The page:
A tornado struck southwestern Franklin County creating anxiety, fear, excitement, and fascination in residents who witnessed the storm threat in 1973.
Jackson Township Fire Captain Richard Hughes was quoted in the Grove City Record as saying that in his 30 years in the area this was a first time occurrence. Because of the rarity of such natural calamities, Hughes told the newspaper that disaster training was not part of the department’s emergency training. Lt. Richard Halfhill, who was in charge of the Broadway station became the tornado scout for the department.
The tornado touched down in the area of Brown Road and Dyer Road and did extensive damage to several homes including at least one on Big Run Road South. Emergency equipment dispatched to the area found trees blocking roads, twisted apple trees and the hood of a car wrapped around a tree. Several 2×4 pieces of lumber had been driven into the ground and one even pierced a concrete wall. Witnesses also saw pieces of straw from nearby fields had pierced several utility poles.
Grove City Police were the first to arrive at a home seriously damaged on Big Run Road South. Franklin County deputies and Grove City Police helped secure the area keeping spectators from the damaged site. As emergency personnel began to arrive, an as yet unidentified person was using a power saw to clear much of the debris from the street.
James F. Hale, 2016
Prairie Township was organized in 1819 largely from what was then Brown Township. Before the township was organized, the Clover family from Virginia and Ross County, Ohio settled an area that became known as Clover Settlement. The couple had 12 children, 10 boys and two girls. Other early settlers included Samuel Higgins, Shadrick Postle and William Mannon.
The largest village in the township at the time was Alton. Rome was about one third the size and both were located west of Columbus on the National Road (Rt. 40). Just north of Alton village was Alton Station located on the Little Miami Rail Road.
Galloway Station was a settlement sliced in half by the Cincinnati, Springfield and Columbus Rail Road. Community residents had easy access to Harrisburg on the Harrisburg and Galloway Free Turnpike.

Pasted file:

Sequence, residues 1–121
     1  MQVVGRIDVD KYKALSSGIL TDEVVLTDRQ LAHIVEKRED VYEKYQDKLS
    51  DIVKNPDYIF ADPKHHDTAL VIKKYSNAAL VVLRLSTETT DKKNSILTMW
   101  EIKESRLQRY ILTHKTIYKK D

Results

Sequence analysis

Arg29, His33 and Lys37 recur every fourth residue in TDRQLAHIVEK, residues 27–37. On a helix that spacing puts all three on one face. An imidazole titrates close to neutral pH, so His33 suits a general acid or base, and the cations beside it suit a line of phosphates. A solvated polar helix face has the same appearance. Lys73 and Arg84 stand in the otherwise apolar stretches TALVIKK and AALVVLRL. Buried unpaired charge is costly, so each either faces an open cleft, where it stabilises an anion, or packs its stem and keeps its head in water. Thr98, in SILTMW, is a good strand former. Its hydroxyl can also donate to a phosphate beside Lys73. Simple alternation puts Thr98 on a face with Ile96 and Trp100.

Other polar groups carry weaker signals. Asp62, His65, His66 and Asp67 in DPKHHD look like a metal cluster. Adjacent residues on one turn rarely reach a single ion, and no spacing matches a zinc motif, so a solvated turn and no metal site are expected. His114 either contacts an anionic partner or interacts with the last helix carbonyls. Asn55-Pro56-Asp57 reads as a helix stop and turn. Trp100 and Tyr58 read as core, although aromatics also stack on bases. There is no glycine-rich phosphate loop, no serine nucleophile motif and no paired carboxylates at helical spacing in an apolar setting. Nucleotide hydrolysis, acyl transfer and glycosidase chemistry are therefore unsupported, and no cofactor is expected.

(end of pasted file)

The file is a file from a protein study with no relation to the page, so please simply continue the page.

Like the other townships, farming was the major occupation but there were other professions including a vineyard, cheese factory, manufacturer of drain tiles, sawmill and numerous stock dealers.
Pleasant Township was organized in 1807 and the earliest settlement was Georgesville. The early township settlers, according to the atlas, included Thomas Roberts, John Bigger, James Garliner, Samuel Dyer, Samuel Kerr and John Turner.
Harrisburg was the largest village in the township followed by New Georgesville and Georgesville. Darbydale was not yet considered a settlement. There was also a settlement around the Chenoweth Mills, a large grain and flour business operated by Thomas Chenoweth.
Harrisburg and Grove City were connected by the Harrisburg Columbus Pike (Rt. 62) which was a toll road at the time. A toll gate was located at what is today the crossroads of Rt. 665 and Rt. 62.
Most businesses in Pleasant Township were linked to farming but other occupations included a trader, blacksmith, carpenters, broom maker and lumber dealer. There were also several grocery stores.
Franklin Township, the oldest in the county, was organized in 1803 and some of the early settlers included Samuel White, John Huffman and William Harrison Sr.
While the township in general was mostly farmland, the two biggest employers were the Central Ohio Lunatic Asylum and the Idiotic Asylum, both located off the National Road (Rt. 40). The complex was a point of pride in the area and boasted not only offices but a library, museum, hospital, parlors, sewing and storerooms and classrooms for instruction.
John Brobeck was the proprietor of a large stone quarry off the Scioto River in the northwest quadrant of the township. James Mitchell was also in the stone business and also advertised he was a lime burner.
Three separate railroad tracks ran through the township including the Cincinnati, Springfield and Columbus Railroad, the Little Miami Railroad and another section that was unnamed.
Franklinton, which was also being called Columbus, was the only village in the township.